Roy Grimes disagrees with his mother and their disagreement is within the tradition of what might be called black disbelief. Black disbelief, it seems, is a refusal of the conditions of one’s life worlds while simultaneously enunciating the possibility for something new, something otherwise. Roy Grimes, in Go Tell it On the Mountain by James Baldwin, laments to his mother Elizabeth, saying that the actions of his father Gabriel do not meet up with the rhetoric of holiness and righteousness, that the violence and violation Roy receives is not consistent with the ideology and religiousness of a love ethic that is pronounced verbally. Within this gap – of which the London Underground Tube system tells us to “mind” – is the radical force of love, its capacity to produce otherwise worlds that are not grounded in such violence and violation. Roy’s is an ethical charge against the normative modes of his existence: he disbelieves that violence is concomitant with love, he disbelieves that physical, emotional and spiritual abuse is a mode of protection. He does not want to be a citizen of the household of faith, nor of Gabriel Grimes’s domestic space, because with such citizenship comes the relinquishment of liberatory praxis, of living vibrantly and abundantly. With such citizenship comes duty and obligation but certainly nothing like joy or peace. Roy, it seems, recognized this all. Roy’s frustration and demand, his disbelief, emerged from his acute perception attuned to the ways that he is victim of inequitable distributions of power. But his being victim was not a totalizing force, so much so that he spoke back, forcefully, truth to power.
Nina Simone corroborates Roy’s charge. At the Montreux Jazz Festival in 1976, Nina Simone produced a rendition of the song “Feelings” by Louis Gasté and Morris Albert.
What strikes me each time I listen is her interrupting the song almost at its very beginning to say, “What a shame to have to write a song like that,” of which she quickly followed with, “I’m not making fun of the man. I do not believe the conditions that produced a situation that demanded a song like that!” She looked on, after having offered such commentary, to the incredulity of the audience. They could not comprehend her disbelief in the very situation from which a song emerges. Their refusal of comprehension was an articulation of the privilege that disallowed engagement, incarnation, fleshliness in our world. Their refusal was a mode of rapture, leaving behind those who disbelieve as a material spiritual practice.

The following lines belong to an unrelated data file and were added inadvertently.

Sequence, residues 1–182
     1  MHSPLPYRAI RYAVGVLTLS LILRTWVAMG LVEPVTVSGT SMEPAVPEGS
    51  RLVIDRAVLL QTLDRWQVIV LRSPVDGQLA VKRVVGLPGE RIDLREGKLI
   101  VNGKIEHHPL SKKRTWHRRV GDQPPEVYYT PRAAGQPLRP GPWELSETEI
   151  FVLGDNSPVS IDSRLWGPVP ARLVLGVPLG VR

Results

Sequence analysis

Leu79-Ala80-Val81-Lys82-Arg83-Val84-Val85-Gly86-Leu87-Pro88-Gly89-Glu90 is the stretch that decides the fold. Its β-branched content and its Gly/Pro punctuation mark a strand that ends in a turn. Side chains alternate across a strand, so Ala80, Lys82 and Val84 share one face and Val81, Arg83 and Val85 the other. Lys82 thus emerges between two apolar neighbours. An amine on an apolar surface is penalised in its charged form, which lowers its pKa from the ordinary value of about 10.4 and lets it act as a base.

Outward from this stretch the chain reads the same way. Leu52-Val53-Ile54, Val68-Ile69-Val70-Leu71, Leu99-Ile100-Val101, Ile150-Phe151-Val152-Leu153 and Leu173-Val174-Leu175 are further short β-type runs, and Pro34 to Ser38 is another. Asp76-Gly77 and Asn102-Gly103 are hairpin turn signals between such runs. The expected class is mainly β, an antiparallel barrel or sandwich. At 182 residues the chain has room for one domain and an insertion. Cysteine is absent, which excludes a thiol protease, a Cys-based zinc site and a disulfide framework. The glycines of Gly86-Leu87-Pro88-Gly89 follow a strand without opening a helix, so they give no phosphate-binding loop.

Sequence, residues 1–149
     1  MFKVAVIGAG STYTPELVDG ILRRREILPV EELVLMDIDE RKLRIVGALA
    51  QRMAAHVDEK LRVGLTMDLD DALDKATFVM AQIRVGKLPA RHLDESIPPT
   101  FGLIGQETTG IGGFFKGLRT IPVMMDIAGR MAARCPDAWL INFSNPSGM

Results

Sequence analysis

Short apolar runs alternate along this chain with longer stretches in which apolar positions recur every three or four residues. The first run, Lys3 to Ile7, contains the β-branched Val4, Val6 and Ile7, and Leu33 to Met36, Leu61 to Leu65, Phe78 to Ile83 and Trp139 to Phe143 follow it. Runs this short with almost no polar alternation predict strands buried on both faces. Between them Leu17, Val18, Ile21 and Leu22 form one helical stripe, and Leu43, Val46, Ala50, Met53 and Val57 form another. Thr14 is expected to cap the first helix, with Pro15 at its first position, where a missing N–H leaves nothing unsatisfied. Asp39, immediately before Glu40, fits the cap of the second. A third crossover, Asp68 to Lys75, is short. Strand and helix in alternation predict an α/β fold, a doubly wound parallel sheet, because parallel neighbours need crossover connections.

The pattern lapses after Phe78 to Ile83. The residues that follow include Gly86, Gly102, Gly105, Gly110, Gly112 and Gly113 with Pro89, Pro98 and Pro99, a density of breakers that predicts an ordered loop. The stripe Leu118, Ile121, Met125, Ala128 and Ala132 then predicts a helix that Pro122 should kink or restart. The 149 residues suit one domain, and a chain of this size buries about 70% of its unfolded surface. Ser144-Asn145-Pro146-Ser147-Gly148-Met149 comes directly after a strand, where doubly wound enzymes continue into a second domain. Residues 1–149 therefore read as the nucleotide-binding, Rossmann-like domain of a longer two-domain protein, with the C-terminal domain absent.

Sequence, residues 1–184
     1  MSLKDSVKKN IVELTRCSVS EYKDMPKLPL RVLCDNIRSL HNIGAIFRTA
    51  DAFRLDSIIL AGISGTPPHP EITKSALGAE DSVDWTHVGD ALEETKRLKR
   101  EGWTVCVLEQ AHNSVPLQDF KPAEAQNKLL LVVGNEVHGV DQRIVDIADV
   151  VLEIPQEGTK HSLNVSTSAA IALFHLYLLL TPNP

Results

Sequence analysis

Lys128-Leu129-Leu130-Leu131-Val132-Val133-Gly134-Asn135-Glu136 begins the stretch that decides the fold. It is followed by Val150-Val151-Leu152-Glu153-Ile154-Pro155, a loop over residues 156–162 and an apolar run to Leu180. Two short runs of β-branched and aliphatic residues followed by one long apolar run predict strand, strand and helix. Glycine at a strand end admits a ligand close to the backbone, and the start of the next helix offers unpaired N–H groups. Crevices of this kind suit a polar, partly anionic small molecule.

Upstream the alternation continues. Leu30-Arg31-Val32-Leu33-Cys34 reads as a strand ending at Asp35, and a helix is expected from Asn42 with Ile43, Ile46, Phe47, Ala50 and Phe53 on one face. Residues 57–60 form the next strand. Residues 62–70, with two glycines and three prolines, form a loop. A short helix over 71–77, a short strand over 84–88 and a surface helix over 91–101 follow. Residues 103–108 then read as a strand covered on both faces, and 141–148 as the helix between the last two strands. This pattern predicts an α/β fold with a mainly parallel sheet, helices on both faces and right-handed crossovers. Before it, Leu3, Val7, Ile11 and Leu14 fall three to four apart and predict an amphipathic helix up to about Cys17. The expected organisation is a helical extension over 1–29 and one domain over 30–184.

Roy Grimes is our guiding post. His desire and demand for love is an ethical injunction against not only the conditions of his world but ours as well. He did not speak merely of a mode of affection that is ephemeral in its enactment. He spoke of a love that charges his parents to live into the world differently, to ethically engage their children through reciprocity and concern, through the obliteration of hierarchies that are grounded in unjust power differentials. He desired a love, in other words, that fundamentally would alter the alienation produced through violence, he desired a love, in other words, that would, in sociality, flower. Simone pinpointed the very thing Roy lamented, she elucidated a black disbelief: that there are situations that produce demands on and for us to speak, demands that have ethical force and thrust. We live in such situations, such moments of crises.
And so we listen and incline our ear towards Roy’s lament, towards Roy’s critique of violence and violation. We sit still with Roy, hearkening to his disbelief, making it our own.
We live in a world of namings and misnamings: arguments over if someone is or isn’t a “public intellectual” (Melissa Harris-Perry, for example); if someone is “dumb” and “stupid” (Porsha Williams of Real Housewives of Atlanta fame, for example); what “affordable” in terms of housing means; “urban renewal” in terms of gentrification; “choice” and “charter” in terms of privatizing and defunding equitable educational schooling opportunities for young folks. What these modes of naming do is provide a monolingual reduction of words, they oversimplify the complexity of life experiences. There is an assumption that the words have within themselves crystalized and concretized meaning, that they have self-evident capacities to name realities. But what seems apparent in our pernicious times is how these words often disallow rigorous analysis in the service of ease and comfort with our political ideologies. Let’s consider Barack Obama as a primary figuration of such misnaming.